Only three days following passage of the government debt ceiling limit, and already Utah’s Division of Natural Resources is shuttering our roadside toilets. I could hardly believe my eyes, and my nose!
This particular unit stands near the shore of East Canyon Reservoir, where I frequently go fishing. It used to be my dog Tippy’s favorite spot, thanks to his penchant for rolling in piles of sheep manure. I, myself, am not so fond of wallowing in excrement–which is why I’m going to sorely miss this particular facility.
My first thought: How much does it actually cost to “maintain” a pit toilet? How hard is it to occasionally replace a roll of toilet paper, compared to, say, the alternative? Seems to me this is a classic case of “penny-wise, pound foolish.”
It’s not as if roadside toilets in Utah were ever a big line item. The only state with worse ones is Nevada, where the alternative to relieving oneself in the open is a bullet-riddled porta-potty. I generally opt for the former; even so, it’s not unusual to take a whiz whilst projectiles whiz overhead.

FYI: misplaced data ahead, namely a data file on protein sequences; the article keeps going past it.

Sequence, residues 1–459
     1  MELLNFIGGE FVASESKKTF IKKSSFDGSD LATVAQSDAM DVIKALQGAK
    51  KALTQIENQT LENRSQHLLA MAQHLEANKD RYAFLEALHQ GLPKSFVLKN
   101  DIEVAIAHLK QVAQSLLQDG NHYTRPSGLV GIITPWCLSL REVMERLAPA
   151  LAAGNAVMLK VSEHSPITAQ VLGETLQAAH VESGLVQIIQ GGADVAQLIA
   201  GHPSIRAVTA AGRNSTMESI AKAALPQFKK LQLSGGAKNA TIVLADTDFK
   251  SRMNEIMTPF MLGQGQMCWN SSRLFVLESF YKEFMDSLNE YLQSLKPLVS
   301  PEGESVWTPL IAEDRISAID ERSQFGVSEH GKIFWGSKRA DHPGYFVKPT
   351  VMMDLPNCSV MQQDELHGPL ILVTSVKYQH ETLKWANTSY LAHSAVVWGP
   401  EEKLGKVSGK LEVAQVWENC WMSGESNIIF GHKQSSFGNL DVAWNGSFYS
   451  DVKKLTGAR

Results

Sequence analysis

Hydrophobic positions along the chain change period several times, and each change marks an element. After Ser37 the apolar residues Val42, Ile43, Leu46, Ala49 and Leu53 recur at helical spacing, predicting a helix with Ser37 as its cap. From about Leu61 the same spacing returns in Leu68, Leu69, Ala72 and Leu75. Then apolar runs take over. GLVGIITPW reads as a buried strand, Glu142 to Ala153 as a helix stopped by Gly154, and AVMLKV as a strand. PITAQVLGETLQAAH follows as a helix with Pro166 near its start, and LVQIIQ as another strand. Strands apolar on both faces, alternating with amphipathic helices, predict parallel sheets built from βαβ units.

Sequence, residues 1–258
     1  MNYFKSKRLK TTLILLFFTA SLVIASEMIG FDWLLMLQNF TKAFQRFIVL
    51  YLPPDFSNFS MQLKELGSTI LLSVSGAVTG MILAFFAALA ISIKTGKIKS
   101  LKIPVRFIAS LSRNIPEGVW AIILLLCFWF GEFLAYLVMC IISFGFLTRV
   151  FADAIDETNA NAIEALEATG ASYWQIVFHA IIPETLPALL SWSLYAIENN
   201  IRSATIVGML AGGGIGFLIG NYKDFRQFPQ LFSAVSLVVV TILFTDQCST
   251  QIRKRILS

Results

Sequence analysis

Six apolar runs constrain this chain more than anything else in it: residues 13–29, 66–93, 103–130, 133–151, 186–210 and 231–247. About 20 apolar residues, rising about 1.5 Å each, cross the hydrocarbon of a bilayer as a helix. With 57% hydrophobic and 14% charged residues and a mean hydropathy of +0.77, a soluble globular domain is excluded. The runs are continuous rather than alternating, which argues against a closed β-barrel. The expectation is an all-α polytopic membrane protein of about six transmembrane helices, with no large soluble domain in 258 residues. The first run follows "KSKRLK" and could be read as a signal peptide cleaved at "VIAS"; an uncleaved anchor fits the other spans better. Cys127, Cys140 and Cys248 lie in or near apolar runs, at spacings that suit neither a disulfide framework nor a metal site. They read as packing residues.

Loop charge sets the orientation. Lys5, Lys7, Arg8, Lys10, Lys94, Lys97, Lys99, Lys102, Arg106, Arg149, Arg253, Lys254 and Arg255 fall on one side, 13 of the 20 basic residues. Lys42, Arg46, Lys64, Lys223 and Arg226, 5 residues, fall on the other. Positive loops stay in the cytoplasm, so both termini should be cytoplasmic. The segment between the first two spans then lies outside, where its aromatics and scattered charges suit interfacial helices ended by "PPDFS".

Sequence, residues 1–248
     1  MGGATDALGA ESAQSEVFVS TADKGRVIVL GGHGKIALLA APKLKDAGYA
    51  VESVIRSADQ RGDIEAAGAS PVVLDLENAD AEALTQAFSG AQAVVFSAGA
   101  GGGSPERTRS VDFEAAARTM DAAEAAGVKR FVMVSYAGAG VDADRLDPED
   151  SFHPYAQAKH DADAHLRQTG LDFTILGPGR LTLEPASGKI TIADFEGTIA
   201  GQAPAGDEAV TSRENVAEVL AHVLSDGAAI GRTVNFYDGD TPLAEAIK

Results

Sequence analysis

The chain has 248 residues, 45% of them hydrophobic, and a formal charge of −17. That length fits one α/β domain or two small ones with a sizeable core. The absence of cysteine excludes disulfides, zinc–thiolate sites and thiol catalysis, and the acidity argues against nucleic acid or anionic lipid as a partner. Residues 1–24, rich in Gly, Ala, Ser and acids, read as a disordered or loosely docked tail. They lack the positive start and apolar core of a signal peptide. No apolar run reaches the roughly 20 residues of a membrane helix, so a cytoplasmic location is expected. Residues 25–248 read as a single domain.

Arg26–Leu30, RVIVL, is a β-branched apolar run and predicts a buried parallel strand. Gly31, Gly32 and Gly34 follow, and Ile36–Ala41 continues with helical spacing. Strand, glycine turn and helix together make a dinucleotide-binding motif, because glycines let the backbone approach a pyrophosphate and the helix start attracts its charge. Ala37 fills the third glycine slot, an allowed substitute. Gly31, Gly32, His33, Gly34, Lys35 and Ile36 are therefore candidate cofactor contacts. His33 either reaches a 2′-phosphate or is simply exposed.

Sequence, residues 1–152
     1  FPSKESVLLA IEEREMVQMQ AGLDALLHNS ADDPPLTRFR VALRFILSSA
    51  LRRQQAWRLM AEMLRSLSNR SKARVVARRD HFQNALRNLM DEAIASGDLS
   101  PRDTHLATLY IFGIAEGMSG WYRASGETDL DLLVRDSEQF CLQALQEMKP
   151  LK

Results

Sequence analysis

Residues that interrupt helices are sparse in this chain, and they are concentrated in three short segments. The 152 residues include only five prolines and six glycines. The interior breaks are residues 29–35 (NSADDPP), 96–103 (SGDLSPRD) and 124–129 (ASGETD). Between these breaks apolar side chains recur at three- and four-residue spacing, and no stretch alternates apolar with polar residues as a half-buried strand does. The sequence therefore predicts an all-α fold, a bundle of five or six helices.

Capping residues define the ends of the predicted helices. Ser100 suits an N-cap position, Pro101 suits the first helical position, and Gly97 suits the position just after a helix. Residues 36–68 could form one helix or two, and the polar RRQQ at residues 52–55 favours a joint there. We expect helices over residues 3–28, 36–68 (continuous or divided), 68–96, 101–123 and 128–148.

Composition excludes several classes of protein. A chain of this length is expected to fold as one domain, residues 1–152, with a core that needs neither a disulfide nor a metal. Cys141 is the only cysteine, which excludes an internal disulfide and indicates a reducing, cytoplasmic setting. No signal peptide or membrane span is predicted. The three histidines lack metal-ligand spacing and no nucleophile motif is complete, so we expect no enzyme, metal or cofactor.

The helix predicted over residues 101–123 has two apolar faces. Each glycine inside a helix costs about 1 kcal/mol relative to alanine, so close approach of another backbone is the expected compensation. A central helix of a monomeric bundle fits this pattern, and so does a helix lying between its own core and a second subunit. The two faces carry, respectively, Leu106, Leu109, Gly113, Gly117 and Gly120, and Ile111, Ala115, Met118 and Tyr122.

Oregon’s facilities are much better, as I discovered recently during my Enlarged Prostate Tour of the Pacific Northwest. There is no litter, the walls are graffiti-free, and the lavatories have ample running water. In fact, at one particular stop, I came close to committing a grave faux pas when I momentarily mistook a hand-washing station for a urinal. “Why are you on tippy-toes?” asked the gentleman standing next to me.
However, Oregon’s roadside restrooms pale in comparison to some I have seen in Texas, in particular during the reign of George W. Bush. I remember one Lone Star comfort station that was more comfortable than any motel I’ve ever stayed at. No, much more comfortable than that! Air-conditioned, with hot and cold running water, showers, working vending machines, big screen TV’s, a richly upholstered lounge with a historic diorama. And, best of all, a live-in attendant!
So here’s my solution to the unemployment problem. Let’s pay people to tend our public toilets. I’ve seen the system at work in such places as Hungary and Italy, and while I can’t say with conviction that the men and women who greet you at the door are especially happy in their work, at least they have a job and a roof over their heads. And somewhere to go when nature calls—which it inevitably does, at all hours and even on Mondays through Thursdays.